Marco Polo And Korčula

I visited Korčula, in Croatia, when I was researching my novel Shadow of the Dome. I was particularly keen to explore the Marco Polo House – you might be surprised to know that this claims to be the birthplace of the great explorer!

Most historians are of the opinion that that Marco Polo (1254-1324) was born in Venice, but the old walled town of Korčula, on an island of the same name close to Dubrovnik, has a strong rival claim. The evidence for either birthplace is not conclusive, so I set out to find the connection between Marco Polo and Korčula.

Polo Family Links With Korčula

On the one hand, Marco Polo was certainly a Venetian citizen, and it is known that he spent at least some of his early life in Venice and that he eventually settled there. On the other hand, Korčula was a part of the Venetian republic in the 13th century and it is also true that the Polo family had long trading links with the Croatian town.

Looking from the sea to a medieval town with a large tower, defensive walls and old houses. There is a ship and cars in the foreground
The island town of Korčula

The Croatian tradition is that Marco Polo was born to a local family of merchants and shipbuilders who moved to Venice soon afterwards. The records show that some members of the Polo family were active in the shipbuilding industry in Korčula at the time and, indeed, the name Depolo has been prominent in the town to the present day. It is also likely that Marco’s father and uncle had business interests in both Korčula and Venice.

However, the known facts of Marco Polo’s early life are that he was born after his father and uncle had set out for their first trip to China and that he met his father for the first time 15 years later. During that time Marco’s mother had died and he had gone to live with an aunt and uncle in Venice. Would an orphaned Croatian boy have travelled across the sea to live with relatives in a distant city? Or is it more likely that he was already in Venice at the time of his mother’s death?

Later Connection With Korčula

Whatever the truth of the matter, Marco Polo does have a later (if tenuous) connection with the island. Though he spent many years of his life in China (accompanying his father and uncle on their second trip to the court of Kublai Khan), he did eventually return to Venice. He was unwilling to settle immediately into the relatively sedentary life of a prosperous merchant and became involved in the war between Venice and Genoa.

He was commanding a ship in the naval battle of Korčula when he was captured and taken to prison in Genoa. It was here that he related his experiences to his fellow prisoner Rusticello who wrote them down and created the book that we now know as Marco Polo’s Travels.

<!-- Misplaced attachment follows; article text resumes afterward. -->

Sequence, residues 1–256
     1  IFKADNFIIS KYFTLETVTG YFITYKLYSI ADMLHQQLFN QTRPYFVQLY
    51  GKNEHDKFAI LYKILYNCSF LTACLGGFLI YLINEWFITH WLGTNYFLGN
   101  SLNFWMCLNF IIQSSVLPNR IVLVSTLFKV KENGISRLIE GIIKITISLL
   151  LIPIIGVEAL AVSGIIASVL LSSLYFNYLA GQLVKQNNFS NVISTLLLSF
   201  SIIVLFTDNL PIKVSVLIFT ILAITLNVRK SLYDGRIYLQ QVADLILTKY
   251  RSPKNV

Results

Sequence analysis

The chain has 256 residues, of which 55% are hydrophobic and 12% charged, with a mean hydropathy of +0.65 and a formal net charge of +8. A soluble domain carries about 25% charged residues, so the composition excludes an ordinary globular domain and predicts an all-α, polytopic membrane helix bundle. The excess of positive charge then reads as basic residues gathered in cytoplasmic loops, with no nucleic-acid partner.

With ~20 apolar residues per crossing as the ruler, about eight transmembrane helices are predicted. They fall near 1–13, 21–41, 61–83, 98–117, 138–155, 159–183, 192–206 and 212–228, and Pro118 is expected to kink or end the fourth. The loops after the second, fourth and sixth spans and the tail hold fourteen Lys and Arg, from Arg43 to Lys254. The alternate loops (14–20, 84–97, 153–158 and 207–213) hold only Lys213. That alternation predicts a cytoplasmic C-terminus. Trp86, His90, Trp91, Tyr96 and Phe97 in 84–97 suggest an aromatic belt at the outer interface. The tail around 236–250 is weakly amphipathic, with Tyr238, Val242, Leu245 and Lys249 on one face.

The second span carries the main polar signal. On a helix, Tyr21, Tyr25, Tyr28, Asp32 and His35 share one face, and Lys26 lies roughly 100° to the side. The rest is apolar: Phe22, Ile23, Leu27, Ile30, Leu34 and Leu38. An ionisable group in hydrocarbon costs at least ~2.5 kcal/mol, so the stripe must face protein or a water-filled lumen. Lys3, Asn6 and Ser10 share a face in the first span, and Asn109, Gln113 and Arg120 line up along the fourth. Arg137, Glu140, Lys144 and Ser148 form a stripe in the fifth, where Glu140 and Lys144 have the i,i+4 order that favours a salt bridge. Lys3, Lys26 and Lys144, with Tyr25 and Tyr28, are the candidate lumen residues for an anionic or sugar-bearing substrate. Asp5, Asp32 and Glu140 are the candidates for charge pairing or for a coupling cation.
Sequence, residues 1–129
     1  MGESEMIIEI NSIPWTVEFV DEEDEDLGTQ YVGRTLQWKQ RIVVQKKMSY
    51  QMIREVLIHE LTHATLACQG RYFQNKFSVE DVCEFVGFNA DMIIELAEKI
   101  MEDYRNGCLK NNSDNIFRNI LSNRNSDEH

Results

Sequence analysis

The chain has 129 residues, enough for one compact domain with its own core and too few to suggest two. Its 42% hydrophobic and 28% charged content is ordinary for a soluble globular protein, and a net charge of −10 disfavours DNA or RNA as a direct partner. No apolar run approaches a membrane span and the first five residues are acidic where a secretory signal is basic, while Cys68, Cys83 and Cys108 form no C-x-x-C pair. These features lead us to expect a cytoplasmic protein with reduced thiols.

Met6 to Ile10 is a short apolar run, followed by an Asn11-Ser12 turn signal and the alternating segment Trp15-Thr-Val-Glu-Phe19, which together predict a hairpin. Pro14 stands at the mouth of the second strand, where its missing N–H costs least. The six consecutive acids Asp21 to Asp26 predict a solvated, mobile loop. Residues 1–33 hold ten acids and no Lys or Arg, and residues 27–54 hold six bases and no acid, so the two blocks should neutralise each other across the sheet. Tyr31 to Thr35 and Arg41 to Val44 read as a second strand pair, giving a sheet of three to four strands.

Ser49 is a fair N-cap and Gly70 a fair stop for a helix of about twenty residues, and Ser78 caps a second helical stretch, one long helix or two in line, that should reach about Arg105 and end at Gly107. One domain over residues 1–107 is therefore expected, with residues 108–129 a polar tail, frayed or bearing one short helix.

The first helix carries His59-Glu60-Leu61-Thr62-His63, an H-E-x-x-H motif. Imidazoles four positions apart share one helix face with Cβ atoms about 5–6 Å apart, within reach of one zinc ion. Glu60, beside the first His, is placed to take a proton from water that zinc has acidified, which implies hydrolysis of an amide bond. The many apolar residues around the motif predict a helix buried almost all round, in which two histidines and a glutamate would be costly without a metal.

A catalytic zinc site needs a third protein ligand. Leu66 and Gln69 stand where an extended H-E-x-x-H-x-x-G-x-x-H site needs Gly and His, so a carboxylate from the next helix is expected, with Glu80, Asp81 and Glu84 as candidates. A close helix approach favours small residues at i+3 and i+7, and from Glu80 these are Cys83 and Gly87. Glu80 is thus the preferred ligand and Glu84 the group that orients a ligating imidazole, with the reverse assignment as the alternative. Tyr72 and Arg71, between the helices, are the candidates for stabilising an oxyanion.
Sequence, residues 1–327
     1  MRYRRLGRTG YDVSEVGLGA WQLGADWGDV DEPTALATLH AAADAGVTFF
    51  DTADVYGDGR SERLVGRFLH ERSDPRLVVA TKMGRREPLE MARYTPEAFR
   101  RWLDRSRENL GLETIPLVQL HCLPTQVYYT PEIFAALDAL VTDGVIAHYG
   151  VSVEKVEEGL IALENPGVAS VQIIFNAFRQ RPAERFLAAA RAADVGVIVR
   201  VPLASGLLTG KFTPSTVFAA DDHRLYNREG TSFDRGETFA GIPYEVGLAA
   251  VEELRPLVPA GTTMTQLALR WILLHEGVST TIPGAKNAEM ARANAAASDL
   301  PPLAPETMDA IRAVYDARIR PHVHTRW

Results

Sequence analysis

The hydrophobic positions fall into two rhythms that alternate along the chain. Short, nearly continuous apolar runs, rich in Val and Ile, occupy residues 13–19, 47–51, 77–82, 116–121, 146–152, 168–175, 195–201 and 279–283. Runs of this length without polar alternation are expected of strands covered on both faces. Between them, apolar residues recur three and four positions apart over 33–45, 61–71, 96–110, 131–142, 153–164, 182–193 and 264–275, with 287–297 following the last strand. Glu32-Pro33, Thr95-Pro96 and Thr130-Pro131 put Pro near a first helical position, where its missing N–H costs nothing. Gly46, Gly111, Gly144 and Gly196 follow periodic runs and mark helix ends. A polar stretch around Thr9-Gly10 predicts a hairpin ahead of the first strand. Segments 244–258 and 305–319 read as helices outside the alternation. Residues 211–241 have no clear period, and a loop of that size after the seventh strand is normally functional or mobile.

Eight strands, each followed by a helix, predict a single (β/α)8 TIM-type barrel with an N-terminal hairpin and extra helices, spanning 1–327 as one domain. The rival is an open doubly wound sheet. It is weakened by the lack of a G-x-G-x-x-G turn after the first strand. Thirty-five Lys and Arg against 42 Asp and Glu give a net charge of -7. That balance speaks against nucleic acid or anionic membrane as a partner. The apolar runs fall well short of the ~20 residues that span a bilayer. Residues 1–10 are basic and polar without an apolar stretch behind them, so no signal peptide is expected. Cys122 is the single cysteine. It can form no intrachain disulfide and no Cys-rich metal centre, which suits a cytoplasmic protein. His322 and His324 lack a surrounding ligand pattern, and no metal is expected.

Narrow street with steps leading downwards. There are tall stone buildings on either side and a stone archway across the road
The narrow streets of Korcula

Marco Polo And Modern Day Korčula

Today the town abounds with allusions to the explorer, with a Marco Polo hotel, Marco Polo restaurant and countless reminders in the shops. Every year in July there is a Marco Polo Festival of Song and Wine although, apart from the name, it is difficult to tell what connection the festival has with Marco Polo!

Tourists can visit the Marco Polo House, the house in which he is reputed to have been born. This has now been opened as a small museum with items related to the explorer’s travels, but the chief item of interest is the tower which gives panoramic views across the old town.

Side of old stone house with an external staircase up to the roof
The Marco Polo House in Korčula, now a museum

And in 1997 the International Marco Polo Centre was set up in Korčula with the aim of studying Marco Polo’s life and work, encouraging tourism in Korcula and establishing cultural ties between Europe and Asia. As the town’s tourist website acknowledges, the truth about Marco Polo’s birthplace will never be known, but his legacy in spreading understanding between different cultures will always remain.

Visiting Korčula

Quite apart from the Marco Polo connection, the town of Korčula is a great place for a day out. It is a bit like a miniature Dubrovnik, with a maze of narrow streets, an old city wall and restaurants on every corner. Elsewhere on the island you can enjoy hiking, cycling, watersports or vineyard visits.

Ferries run to Korčula from Dubrovnik and from the neighbouring island of Hvar.

(You can read more about the research I did to write Shadow of the Dome, from the South China Sea to a shopping mall in Dubai…)

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